Janis Martin, 'The Female Elvis,' Returns | WAMU 88.5 - American University Radio
Filed Under:

Janis Martin, 'The Female Elvis,' Returns

Play associated audio

Janis Martin was just a teenager from Virginia when she was christened "The Female Elvis." In the mid-1950s, she sold 750,000 copies of a song called "Will You, Willyum." She played the Grand Ole Opry, American Bandstand and The Tonight Show. But her fame was short-lived. Martin got married and had a baby, which didn't sit so well with the people managing her career. Her label dropped her, and she fell off the musical map.

Five years ago, a fan got Martin back in a studio, and the result is a new album, The Blanco Sessions. That fan, Rosie Flores, co-produced the album with Bobby Trimble, and spoke to Weekend Edition Sunday host Rachel Martin about the life of Janis Martin and the process of making The Blanco Sessions.

Flores says she first heard Martin in 1979 at a rockabilly show, during Martin's brief comeback. "It was Janis Martin for me that really became kind of a role model and an idol ... because of how amazing her voice sounded and the kind of guitar parts that were on her records," she says. "It just really spoke to me."

In 2007, Flores set out to help Martin give new voice to some old tunes. She brought Martin to a studio in Blanco, Texas.

"It was just inspiring to watch her work in the studio after all these years. I realized that she and I had such a great rapport, and that I could relax her in the studio, and she took direction so well," says Flores. "She was a little bit nervous because she hadn't done this in such a long time. It was important for her that it be really good."

Flores recalls how excited Martin was about the record coming out. She remembers Martin saying that she was going to get her luck together and begin to plan tours. But Martin died of lung cancer at age 67, just a few months after wrapping up production of The Blanco Sessions.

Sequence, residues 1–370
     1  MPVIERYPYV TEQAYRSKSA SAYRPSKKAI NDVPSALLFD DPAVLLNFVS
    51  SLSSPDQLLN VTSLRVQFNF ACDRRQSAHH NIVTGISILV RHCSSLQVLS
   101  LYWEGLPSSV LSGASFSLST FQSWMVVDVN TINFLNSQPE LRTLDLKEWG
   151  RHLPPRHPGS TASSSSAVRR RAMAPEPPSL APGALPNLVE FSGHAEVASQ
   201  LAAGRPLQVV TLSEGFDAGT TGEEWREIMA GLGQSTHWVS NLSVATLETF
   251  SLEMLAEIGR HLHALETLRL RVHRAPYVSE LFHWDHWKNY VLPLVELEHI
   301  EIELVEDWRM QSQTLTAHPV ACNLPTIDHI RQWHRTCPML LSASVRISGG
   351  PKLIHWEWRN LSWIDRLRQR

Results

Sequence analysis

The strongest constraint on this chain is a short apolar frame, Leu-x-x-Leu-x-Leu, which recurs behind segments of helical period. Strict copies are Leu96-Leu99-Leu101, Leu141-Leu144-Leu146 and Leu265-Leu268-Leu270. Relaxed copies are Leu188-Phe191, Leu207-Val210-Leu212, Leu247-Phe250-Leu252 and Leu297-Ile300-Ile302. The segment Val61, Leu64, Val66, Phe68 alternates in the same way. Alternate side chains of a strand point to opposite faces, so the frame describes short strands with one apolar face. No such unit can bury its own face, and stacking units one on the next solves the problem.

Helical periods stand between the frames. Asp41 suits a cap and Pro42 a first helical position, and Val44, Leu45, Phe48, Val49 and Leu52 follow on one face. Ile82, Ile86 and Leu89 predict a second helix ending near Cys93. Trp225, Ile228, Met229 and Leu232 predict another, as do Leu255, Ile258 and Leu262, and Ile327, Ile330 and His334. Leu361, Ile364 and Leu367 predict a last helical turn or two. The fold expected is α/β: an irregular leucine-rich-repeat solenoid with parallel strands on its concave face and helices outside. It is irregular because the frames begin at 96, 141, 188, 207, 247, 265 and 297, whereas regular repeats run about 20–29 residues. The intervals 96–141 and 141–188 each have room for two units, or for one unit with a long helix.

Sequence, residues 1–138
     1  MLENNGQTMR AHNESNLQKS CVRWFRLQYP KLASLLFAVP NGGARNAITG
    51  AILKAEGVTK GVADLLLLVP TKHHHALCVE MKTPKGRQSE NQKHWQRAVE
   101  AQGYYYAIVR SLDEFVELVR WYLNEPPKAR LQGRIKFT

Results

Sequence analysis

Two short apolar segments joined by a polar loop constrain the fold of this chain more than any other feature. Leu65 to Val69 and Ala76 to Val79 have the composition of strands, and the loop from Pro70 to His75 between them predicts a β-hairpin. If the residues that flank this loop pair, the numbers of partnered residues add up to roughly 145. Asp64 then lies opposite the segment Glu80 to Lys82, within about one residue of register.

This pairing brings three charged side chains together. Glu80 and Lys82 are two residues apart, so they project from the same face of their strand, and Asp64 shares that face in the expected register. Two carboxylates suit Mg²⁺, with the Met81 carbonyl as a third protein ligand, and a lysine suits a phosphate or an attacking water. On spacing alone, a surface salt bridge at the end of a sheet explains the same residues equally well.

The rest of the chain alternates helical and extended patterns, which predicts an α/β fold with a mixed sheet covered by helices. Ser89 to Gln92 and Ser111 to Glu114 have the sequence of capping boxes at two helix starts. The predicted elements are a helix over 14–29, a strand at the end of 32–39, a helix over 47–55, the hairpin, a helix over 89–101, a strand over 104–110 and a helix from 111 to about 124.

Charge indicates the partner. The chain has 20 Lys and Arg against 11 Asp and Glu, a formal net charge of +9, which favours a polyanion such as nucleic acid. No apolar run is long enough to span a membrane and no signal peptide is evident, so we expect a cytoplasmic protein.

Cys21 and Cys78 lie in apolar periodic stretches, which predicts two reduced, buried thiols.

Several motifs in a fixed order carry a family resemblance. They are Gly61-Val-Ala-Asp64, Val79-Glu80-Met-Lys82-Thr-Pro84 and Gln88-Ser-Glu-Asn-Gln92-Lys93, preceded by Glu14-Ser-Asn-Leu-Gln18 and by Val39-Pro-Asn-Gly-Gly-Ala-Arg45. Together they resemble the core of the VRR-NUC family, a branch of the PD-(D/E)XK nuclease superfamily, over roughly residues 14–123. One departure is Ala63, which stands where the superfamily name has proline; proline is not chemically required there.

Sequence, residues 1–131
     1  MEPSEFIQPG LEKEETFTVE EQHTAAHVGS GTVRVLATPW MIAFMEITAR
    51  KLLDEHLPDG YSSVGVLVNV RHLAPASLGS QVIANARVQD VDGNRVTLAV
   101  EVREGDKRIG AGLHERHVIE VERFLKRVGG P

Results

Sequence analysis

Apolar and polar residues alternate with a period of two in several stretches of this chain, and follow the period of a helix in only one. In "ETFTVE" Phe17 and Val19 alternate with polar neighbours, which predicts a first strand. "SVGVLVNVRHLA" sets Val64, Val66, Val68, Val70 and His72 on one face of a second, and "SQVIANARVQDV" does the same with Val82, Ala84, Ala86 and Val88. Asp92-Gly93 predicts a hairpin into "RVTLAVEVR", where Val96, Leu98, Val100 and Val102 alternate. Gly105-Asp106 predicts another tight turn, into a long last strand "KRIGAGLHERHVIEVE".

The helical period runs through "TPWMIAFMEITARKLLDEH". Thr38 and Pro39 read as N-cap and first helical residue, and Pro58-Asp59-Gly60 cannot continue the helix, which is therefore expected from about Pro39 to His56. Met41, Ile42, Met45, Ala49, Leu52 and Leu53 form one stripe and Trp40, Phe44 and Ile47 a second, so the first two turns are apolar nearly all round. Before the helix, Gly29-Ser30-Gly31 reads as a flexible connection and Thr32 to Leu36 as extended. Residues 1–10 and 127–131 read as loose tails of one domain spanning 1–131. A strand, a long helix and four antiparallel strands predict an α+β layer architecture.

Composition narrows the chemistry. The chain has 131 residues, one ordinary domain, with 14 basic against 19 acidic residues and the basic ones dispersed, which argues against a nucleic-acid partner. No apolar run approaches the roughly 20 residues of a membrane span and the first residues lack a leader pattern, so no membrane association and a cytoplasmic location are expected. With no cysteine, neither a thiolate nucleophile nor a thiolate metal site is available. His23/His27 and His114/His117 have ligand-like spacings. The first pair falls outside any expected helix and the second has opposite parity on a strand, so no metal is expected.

Copyright 2012 National Public Radio. To see more, visit http://www.npr.org/.

NPR

Join The 'Morning Edition' Book Club As We Read 'A God In Ruins'

Gone Girl author Gillian Flynn, who selected the book, tells NPR's David Greene that Kate Atkinson is "one of those writers that really can make you weep on one page and laugh on the next."
NPR

'Bourbon Empire' Reveals The Smoke And Mirrors Of American Whiskey

A new book suggests that tall tales on craft bourbon labels are the rule rather than the exception. They're just one example of a slew of "carefully cultivated myths" created by the bourbon industry.
NPR

'My Brother's Keeper' To Expand Opportunities For Young Men Of Color

President Obama is turning his My Brother's Keeper initiative into an outside alliance that will live on after his presidency. He described the new effort at an event in New York City on Monday.
NPR

As Emoji Spread Beyond Texts, Many Remain [Confounded Face] [Interrobang]

There's a growing tendency to bring the tiny hieroglyphs off of phones, but not everyone is fluent. New takes on emoji integration suggest misunderstanding may be remedied with universal translation.

Leave a Comment

Help keep the conversation civil. Please refer to our Terms of Use and Code of Conduct before posting your comments.